Blog Archive

Books About College, Teens, and American Culture

  • A History of American Higher Education
  • A Hope in the Unseen
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  • Born to Buy: The Commercialized Child and the New Consumer Culture
  • Boys Adrift: The Five Factors Driving the Growing Epidemic of Unmotivated Boys and Underachieving Young Men
  • Branded: The Buying and Selling of Teenagers
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  • College Unranked: Ending the College Admissions Frenzy
  • Colleges that Change Lives
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  • Doing School: How We are Creating a Generation of Stressed-out, Materialistic, and Miseducated Students
  • First in the Family
  • Fiske Guide to Colleges
  • Going to College: How Social, Economic, and Educational Factors Influence the Decisions Students Make
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  • Huck's Raft: A History of American Childhood
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  • Leveling the Playing Field: Justice, Politics, and College Admissions
  • Life: The Movie: How Entertainment Conquered America
  • Limbo: Blue-Collar Roots, White-Collar Dreams
  • Looking Beyond the Ivy League
  • Panicked Parents' Guide to College Admissions
  • Privilege: Harvard and the Education of the Ruling Class
  • Punished by Rewards: The Trouble with Gold Stars, Incentive Plans, A's, Praise, and Other Bribes
  • Race and Class Matters at an Elite College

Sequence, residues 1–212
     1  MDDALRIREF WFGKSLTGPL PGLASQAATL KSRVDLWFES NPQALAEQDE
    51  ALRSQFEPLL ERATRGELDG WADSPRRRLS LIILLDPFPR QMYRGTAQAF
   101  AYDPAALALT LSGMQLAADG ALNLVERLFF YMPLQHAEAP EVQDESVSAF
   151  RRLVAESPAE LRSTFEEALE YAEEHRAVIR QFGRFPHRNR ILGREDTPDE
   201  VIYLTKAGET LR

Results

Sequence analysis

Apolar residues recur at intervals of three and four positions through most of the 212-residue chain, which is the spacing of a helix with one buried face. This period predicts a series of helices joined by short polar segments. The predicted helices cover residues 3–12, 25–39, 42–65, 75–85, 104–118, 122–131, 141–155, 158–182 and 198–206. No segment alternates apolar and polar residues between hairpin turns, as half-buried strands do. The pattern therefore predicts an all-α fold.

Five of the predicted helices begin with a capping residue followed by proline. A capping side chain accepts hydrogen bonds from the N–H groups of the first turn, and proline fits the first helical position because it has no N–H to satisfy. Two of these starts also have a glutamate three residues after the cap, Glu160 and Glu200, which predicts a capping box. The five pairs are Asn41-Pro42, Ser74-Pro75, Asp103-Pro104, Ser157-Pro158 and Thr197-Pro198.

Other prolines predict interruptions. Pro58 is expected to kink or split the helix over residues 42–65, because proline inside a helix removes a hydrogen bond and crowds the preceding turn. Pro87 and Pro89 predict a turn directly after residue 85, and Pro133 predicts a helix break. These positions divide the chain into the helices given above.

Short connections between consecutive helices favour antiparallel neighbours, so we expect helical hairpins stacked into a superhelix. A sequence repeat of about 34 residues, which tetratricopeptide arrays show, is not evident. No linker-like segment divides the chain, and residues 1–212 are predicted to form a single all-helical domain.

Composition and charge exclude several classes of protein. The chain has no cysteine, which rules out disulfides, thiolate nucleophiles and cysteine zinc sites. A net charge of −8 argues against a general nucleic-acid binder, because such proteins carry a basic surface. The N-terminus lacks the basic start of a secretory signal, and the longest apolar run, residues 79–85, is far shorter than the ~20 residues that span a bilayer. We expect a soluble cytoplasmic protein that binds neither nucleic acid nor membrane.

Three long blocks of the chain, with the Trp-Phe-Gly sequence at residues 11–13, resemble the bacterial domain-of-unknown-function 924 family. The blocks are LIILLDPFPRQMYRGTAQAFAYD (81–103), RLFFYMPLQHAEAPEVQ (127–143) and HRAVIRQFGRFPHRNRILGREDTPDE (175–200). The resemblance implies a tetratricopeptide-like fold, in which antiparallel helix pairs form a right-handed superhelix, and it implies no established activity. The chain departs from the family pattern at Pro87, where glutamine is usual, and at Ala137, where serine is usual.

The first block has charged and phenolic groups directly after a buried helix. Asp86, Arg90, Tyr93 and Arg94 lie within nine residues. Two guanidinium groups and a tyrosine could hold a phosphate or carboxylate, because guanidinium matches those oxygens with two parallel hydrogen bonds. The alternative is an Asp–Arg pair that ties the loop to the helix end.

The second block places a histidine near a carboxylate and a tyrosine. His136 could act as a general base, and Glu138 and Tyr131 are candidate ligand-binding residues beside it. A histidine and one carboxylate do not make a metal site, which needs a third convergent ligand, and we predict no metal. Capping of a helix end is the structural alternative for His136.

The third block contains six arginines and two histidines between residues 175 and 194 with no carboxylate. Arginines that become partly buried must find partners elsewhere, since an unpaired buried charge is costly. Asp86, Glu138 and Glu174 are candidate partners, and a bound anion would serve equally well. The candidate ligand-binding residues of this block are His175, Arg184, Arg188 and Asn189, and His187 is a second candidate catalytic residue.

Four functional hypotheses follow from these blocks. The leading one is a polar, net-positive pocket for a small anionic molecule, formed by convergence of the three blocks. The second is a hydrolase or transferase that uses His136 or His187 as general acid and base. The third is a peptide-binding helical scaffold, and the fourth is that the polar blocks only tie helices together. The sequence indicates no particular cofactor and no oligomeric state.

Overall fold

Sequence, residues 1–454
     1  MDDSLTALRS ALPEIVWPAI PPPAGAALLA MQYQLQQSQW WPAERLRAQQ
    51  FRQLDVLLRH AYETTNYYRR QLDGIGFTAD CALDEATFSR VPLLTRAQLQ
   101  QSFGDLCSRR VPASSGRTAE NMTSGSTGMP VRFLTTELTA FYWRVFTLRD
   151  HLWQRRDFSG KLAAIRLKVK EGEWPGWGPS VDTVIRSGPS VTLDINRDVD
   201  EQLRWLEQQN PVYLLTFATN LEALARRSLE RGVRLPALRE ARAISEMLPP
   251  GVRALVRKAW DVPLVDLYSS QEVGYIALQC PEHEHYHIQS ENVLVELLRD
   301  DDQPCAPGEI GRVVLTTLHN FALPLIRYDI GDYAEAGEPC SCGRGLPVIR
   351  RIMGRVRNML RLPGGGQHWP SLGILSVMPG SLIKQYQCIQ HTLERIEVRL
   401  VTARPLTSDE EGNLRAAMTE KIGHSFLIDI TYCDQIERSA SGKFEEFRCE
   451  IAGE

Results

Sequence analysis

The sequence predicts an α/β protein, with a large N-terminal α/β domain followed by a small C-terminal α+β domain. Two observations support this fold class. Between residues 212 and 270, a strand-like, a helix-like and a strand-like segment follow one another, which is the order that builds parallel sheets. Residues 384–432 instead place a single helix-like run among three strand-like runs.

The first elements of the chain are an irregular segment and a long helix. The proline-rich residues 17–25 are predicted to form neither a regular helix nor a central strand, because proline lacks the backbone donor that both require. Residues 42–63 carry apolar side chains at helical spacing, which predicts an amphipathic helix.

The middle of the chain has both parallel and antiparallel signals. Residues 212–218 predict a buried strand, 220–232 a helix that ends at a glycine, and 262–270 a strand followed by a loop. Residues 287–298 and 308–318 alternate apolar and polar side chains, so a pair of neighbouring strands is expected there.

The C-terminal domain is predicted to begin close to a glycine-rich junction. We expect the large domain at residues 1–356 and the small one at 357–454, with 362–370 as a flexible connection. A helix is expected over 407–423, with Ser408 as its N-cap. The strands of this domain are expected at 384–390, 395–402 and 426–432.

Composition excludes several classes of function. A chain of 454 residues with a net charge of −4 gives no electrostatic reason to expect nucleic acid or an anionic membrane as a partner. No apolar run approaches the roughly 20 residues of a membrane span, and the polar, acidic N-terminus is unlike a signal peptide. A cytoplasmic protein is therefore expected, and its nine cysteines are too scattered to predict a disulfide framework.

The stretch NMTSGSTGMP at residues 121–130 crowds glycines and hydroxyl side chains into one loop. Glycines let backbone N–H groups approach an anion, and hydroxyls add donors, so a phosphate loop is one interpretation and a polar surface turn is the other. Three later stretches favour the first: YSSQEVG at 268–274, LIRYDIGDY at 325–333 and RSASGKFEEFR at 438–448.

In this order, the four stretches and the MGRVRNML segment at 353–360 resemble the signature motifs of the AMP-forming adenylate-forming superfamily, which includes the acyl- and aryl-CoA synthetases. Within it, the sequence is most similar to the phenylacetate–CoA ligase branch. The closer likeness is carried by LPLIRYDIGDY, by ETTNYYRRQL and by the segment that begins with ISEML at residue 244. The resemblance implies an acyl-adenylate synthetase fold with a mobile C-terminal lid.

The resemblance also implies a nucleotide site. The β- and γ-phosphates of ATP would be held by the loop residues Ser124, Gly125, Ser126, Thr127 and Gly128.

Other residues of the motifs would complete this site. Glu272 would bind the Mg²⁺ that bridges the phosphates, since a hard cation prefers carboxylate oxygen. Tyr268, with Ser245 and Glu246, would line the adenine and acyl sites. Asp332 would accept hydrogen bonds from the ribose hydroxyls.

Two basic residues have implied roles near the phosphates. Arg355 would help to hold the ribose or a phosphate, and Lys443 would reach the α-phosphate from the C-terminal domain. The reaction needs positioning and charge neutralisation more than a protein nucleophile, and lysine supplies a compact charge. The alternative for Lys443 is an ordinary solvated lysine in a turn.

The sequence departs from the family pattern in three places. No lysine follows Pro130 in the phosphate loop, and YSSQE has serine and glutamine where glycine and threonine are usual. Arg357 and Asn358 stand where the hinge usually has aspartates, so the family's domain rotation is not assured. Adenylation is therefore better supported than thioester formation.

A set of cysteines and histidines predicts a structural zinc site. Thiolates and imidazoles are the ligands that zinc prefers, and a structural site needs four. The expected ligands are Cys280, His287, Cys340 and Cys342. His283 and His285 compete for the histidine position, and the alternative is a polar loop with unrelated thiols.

• Rescuing Your Teenager From Depression
  • Shakespeare, Einstein, and the Bottom Line: The Marketing of Higher Education
  • Sophomore Guide to College & Career: Preparing for life After High School
  • Standardized Minds: The High Price of America's Testing Culture and What We Can Do to Change It
  • Status Anxiety
  • Taking Time Off
  • Tearing Down the Gates: Confronting the Class Divide in American Education
  • The Big Test: The Secret History of the American Meritocracy
  • The Bond: Three Young Men Learn to Forgive & Reconnect with Their Fathers
  • The Case Against Standardized Testing: Raising the Scores, Ruining the Schools
  • The Chosen: The Hidden History of Admission and Exclusion at Harvard, Yale, and Princeton
  • The Culture of Narcissism
  • The Gatekeepers: Inside the Admissions Process of a Premier College
  • The Image: A Guide to Pseudo-Events in American Life
  • The Little College Handbook: A First Generation's Guide to Getting in and Staying In
  • The Naked Roommate: And 107 Other Issues You Might Run Into in College
  • The Pact: Three Young Men Make a Promise and Fulfull a Dream
  • The Pressured Child: Helping Your Child Find Success in School and Life
  • The Price of Admission: How America's Ruling Class Buys Its Way into Elite Colleges--and Who Gets Left Outside the Gates
  • The Price of Privilege: How Parental Pressure and Material Advantage are Creating a Generation of Disconnected and Unhappy Kids
  • The Rise and Fall of the American Teenager
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  • The Unintended Consequences of High Stakes Testing
  • Universities in the Marketplace: The Commercialization of Higher Education
  • What Color Is Your Parachute? for Teens